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Tuesday, August 14, 2012

Rug Hooking History

As we welcome rug hookers from across the country to our nationally-recognized Rug Hooking event this week, we realize there are still many people who don’t know much about this traditional art form. Here is just a bit of history to help you better understand this beautiful craft . . .

Rug hooking started in the mid 1800s in the Eastern United States. Like many crafts, rug hooking was started out of necessity. Colonial women used rags to make hand-hooked rugs to use on their floors in the summer and on beds in the winter.

The base of the rugs was made from the burlap sacks that the livestock feed came in and the fabric was any material that could be found including worn clothing, rags, old wool blankets or spun wool. Women hooked rugs in their homes to help pass the time during the hard cold winters.

To hook a rug, the rug hooker, with her right hand above the pattern and the cloth strips in her left hand underneath, pushes the hook down through the burlap. The hook catches the cloth strip and the rug hooker draws it back up to form a loop on the top of the burlap. Loops about half an inch long (length can vary) are formed to create the rug.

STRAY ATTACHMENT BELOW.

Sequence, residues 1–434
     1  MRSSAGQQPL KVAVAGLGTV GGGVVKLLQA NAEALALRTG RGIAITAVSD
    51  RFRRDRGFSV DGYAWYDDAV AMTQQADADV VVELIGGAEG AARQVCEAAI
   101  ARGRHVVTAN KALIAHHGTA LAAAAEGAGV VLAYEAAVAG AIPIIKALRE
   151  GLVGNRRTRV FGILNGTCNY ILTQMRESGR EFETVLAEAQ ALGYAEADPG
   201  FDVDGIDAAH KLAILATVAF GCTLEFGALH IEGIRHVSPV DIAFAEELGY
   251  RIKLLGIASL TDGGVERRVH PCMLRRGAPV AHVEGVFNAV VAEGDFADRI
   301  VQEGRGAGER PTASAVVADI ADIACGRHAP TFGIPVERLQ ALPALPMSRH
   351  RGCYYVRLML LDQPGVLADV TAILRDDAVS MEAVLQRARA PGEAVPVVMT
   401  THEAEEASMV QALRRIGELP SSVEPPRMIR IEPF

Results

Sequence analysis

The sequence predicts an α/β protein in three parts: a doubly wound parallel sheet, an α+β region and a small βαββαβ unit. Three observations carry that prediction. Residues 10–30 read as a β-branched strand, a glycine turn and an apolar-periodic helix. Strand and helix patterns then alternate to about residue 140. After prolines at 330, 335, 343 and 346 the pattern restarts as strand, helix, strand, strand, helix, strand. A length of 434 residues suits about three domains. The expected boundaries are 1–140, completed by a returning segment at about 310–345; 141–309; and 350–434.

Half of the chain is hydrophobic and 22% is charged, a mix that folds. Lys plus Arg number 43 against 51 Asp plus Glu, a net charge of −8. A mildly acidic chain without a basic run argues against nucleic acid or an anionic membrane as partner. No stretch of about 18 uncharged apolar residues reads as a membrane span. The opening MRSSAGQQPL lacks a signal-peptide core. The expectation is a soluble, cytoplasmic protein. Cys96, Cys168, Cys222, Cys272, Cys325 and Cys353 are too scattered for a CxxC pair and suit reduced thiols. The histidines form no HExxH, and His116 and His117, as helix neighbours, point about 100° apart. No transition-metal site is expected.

People eventually began selling hand-hooked rugs and cottage industries sprang up across the country. By the 1940s rug hooking had become a well-established hobby in the United States and Canada and its popularity continues to grow today. Hand-hooked rugs can be found in art galleries and museums throughout the world.

Again this year, rug hookers from across the country are gathering at Sauder Village to celebrate this traditional craft. This spectacular event includes workshops, lectures, vendors, demonstrations and a breath-taking exhibit in Founder’s Hall. We hope you'll visit the exhibit to see what all the excitement is about!

More detail about this special event can be found online at: